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• • • Being a journal by artist and designer John Coulthart, cataloguing interests, obsessions and passing enthusiasms.


 

Stonehenge panorama

stonehenge.jpg

I would have posted this for the Solstice yesterday had it not been for the Chronophage. The panorama is at a BBC page since the corporation is one of the few organisations with the weight to gain permission to photograph the stones up close. Unless you’re an archaeologist or an English Heritage official your view is restricted to the path which surrounds the monument, something you can experience via Google Maps. There did used to be exceptions to this. I was fortunate to be at the Stonehenge Festival in 1982 which took place for a few days over Midsummer in one of the fields a short distance away. On Solstice Day the people from English Heritage let everyone—festival-goers and bemused tourists alike—wander inside the circle where a couple of pagan weddings took place. A couple of years later further festivals were prevented with heavy police action so I feel privileged to have been there on that day.

There was more Stonehenge recently at Bldg Blog with a post about Harold Egerton’s stunning photograph of the stones at night. And while we’re on the subject, let’s not forget Woodhenge, Seahenge , Timisoara’s Stonehedge, and the Ballardesque Carhenge.

Elsewhere on { feuilleton }
The panoramas archive

 


 

Posted in {architecture}, {photography}, {religion}.

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3 comments or trackbacks

  1. #1 posted by lord cornelius plum

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    A friend of ours is blind and always wanted to visit stonehenge, but obviously the only way he could appreciate the stones would be by touch.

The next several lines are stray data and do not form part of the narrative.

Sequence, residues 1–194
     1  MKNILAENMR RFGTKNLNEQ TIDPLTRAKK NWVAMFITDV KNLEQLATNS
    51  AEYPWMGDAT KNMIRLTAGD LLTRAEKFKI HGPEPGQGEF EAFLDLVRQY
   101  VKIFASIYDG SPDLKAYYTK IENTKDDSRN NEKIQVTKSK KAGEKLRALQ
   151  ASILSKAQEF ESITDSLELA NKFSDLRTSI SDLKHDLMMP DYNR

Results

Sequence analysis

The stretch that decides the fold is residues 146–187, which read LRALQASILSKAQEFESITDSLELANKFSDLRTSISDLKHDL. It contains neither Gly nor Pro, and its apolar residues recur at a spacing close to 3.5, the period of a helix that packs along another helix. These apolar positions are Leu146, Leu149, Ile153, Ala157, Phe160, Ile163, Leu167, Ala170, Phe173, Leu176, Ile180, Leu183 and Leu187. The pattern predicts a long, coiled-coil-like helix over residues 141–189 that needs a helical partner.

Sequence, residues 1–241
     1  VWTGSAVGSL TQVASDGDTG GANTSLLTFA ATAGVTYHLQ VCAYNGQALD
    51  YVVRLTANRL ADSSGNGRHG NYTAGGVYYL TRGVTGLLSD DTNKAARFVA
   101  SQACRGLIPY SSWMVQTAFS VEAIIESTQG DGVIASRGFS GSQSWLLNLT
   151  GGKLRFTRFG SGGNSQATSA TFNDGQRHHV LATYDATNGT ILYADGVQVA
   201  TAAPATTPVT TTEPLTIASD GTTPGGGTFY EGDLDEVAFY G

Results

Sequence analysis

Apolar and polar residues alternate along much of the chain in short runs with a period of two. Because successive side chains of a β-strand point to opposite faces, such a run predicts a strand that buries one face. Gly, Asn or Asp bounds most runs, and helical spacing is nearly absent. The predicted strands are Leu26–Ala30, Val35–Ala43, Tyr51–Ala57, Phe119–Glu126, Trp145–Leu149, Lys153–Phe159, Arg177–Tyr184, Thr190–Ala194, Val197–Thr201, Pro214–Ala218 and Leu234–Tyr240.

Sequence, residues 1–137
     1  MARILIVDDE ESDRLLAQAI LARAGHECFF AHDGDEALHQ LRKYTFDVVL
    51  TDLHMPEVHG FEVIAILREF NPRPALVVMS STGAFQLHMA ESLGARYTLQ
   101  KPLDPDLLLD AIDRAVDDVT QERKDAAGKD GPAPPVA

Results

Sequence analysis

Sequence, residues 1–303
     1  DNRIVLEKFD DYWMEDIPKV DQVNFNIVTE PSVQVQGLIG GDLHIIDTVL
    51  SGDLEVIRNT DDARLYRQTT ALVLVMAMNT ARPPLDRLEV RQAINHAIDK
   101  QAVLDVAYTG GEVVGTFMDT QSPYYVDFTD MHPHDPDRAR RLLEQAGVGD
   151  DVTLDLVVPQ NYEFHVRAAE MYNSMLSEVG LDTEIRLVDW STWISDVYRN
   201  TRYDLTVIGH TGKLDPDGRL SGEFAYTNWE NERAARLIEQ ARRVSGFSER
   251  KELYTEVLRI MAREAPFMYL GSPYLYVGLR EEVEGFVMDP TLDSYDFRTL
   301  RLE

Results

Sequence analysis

On a recent visit my partner and i asked about the possibilty of him going into the circle, and they told us that if he went at a time when it was quiet they would probably let him in. Otherwise, theres a complicated procedure of applying for special permission and paying a not unsubstantial sum and turning up after they officially close or before they open.
    All this is a relic of those wonderful Thatcher years of police repression of anyone who dared to live an alternative lifestyle. I can certainly see why they need to fence them off, but i cant see why occasionally they couldnt allow people in. They belong to all of us, after all.
    Incidently, Avebury is much more impressive, and the Rollright Stones more genuinely spooky.
    Happy Day !

  2. #3 posted by John

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    Yes, it was definitely a Thatcherite policy following her re-election in 1983. Things started to get a lot worse for anyone who wasn’t conforming.

    I’ve slept on Glastonbury Tor (!) but still haven’t seen Avebury. I’m obviously missing out.

 


 

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